Rio Rancho Takes More Flows From Rio Grande

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Suit seeks change in the State Engineer Policy


Contact: Jen Pelz, (303) 884-2702, jpelz@wildearthguardians.org

Additional contact: 
Samantha Ruscavage-Barz, (505) 401-4180, sruscavagebarz@wildearthguardians.org

ALBUQUERQUE,

NM—The City of Rio Rancho is continuing its effort to move water from central New Mexico farms in Valencia and Socorro counties to satisfy its growing demand by filing four water transfer applications with the State Engineer. WildEarth Guardians challenged all four of the City’s new applications to ensure that the transfers will not impact Rio Grande flows or damage the public welfare. 

“Water is a public resource that the State Engineer is charged with protecting,” said Samantha Ruscavage-Barz, Senior Staff Attorney at WildEarth Guardians. “These four transfers must be scrutinized to ensure no harm to Rio Grande flows in location, timing, and amount. 

The four applications were publicly noticed in the Rio Rancho Observer in September. The four new applications are in addition to an application filed by the City earlier this year seeking to discontinue use of water from irrigation on a farm in Socorro County within the Middle Rio Grande Conservancy District and transfer that water upstream to the City to offset the impacts of its well field on the Rio Grande in Sandoval County. The City concedes that it does not currently need the water or the water from the new applications as it plans to lease it back to the farmers for a number of years. 

The total amount of water the City is seeking to transfer pursuant to the five water transfer applications it filed this year is 773 acre-feet of farm delivery requirement (541 acre-feet of consumptive use). An acre-foot is equivalent to about 326,000 gallons of water (or enough water to supply demands of two families’ home and landscape needs for a year). 

Guardians’ protests highlight how the City’s proposed water transfer will reduce flows in 50-100 miles of the Rio Grande and change the location, amount, and timing of return flows that contribute water back to the river. The potential change to flows in the river is significant given the importance of the middle valley as vital habitat for endangered fish, wildlife, and plants. Further, the change in return flows reaching the river system near Socorro will impact the water supply of the Bosque del Apache National Wildlife Refuge, the health of the river in that reach, and the ability of the State to meet its delivery obligation to Texas under the Rio Grande Compact.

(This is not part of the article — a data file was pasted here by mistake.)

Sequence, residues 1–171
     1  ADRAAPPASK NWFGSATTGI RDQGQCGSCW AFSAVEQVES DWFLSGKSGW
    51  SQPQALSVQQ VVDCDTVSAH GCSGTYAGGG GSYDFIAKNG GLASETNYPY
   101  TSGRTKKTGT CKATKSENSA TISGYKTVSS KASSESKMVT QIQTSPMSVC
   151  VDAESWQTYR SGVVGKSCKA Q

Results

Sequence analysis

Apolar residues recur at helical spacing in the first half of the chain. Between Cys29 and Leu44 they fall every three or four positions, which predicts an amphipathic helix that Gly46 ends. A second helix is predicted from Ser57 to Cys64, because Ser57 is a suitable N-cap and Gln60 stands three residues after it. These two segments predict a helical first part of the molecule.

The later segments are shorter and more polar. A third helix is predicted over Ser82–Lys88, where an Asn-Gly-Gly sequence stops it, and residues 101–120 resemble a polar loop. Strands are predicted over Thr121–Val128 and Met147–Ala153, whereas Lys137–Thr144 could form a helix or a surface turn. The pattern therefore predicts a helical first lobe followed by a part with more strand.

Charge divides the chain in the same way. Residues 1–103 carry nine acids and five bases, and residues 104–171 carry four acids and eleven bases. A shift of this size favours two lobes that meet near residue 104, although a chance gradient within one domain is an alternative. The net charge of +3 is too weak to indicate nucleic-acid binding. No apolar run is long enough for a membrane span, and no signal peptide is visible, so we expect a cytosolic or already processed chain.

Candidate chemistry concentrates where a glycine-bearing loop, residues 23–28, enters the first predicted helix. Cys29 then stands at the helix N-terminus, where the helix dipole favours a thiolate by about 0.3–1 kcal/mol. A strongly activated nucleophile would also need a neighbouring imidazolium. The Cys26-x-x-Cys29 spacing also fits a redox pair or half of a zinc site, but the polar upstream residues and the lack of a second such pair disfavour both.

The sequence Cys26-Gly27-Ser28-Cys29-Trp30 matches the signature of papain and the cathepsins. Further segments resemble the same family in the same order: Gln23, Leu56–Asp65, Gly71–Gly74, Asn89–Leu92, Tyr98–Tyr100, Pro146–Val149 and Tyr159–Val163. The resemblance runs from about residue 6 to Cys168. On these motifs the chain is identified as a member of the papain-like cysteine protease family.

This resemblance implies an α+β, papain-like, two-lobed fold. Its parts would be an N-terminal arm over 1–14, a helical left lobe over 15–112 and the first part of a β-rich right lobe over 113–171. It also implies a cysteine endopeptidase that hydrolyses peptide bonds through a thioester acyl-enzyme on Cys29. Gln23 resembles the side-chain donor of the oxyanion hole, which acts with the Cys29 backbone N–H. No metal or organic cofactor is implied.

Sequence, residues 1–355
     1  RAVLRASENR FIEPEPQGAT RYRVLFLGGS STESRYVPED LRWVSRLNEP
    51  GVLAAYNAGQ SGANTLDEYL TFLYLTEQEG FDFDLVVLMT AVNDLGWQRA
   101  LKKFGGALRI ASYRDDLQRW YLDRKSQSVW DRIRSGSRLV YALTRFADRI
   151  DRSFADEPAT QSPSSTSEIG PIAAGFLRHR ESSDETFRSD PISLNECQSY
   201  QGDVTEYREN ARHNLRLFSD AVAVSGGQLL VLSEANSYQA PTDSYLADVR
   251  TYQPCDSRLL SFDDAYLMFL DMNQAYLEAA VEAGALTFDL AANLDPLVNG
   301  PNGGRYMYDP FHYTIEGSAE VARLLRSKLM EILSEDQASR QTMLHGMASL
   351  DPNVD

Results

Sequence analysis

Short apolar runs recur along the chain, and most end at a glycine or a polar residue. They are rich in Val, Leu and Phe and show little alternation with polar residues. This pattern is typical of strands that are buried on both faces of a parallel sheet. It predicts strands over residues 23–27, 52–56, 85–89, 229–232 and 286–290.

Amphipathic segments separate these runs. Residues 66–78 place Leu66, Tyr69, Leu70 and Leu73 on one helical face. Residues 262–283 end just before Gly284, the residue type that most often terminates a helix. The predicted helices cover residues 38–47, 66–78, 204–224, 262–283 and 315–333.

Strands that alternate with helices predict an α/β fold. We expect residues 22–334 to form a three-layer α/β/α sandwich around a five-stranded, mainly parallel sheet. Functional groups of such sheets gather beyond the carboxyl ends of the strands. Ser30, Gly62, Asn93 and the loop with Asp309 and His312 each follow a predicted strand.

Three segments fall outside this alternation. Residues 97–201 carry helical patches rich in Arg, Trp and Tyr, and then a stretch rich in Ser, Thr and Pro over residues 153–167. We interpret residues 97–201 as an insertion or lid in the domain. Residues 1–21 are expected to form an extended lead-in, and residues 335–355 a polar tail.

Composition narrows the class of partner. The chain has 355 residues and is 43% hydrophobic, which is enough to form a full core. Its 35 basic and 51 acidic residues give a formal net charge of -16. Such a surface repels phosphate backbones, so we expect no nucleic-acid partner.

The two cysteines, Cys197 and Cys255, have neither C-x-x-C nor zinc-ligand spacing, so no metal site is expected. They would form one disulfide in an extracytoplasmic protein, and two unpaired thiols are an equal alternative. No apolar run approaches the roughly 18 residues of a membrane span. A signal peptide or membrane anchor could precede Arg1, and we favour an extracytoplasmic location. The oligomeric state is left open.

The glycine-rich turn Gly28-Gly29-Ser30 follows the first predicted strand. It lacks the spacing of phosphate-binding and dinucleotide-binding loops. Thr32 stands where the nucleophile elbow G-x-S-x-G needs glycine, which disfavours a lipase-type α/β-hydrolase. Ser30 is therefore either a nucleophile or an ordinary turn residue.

“At a time when there is not a drop to spare, every water transfer impacts flows in the river,” added Jen Pelz, the Wild Rivers Program Director at WildEarth Guardians and recently named Rio Grande Waterkeeper. “New Mexico has a responsibility to its citizens to ensure that these transfers are not on the back of the river and the time is now to change the way it looks at these seemingly minor, but collectively significant transfers.” 

The group is also concerned that the transfer could lead to additional depletions to the river by creating a use of water that did not previously exist. In past transfers, the State Engineer has approved the sale and transfer of agricultural water to upstream municipalities without requiring dry up of the associated farmland. Such a restriction would ensure that transferred water is only being used at its changed location for the new purpose. Instead, those same farmers are currently allowed to lease water from the District’s so-called “Water Bank” to continue to irrigate the move-from property despite the likely new depletions caused by the duplicate use. 

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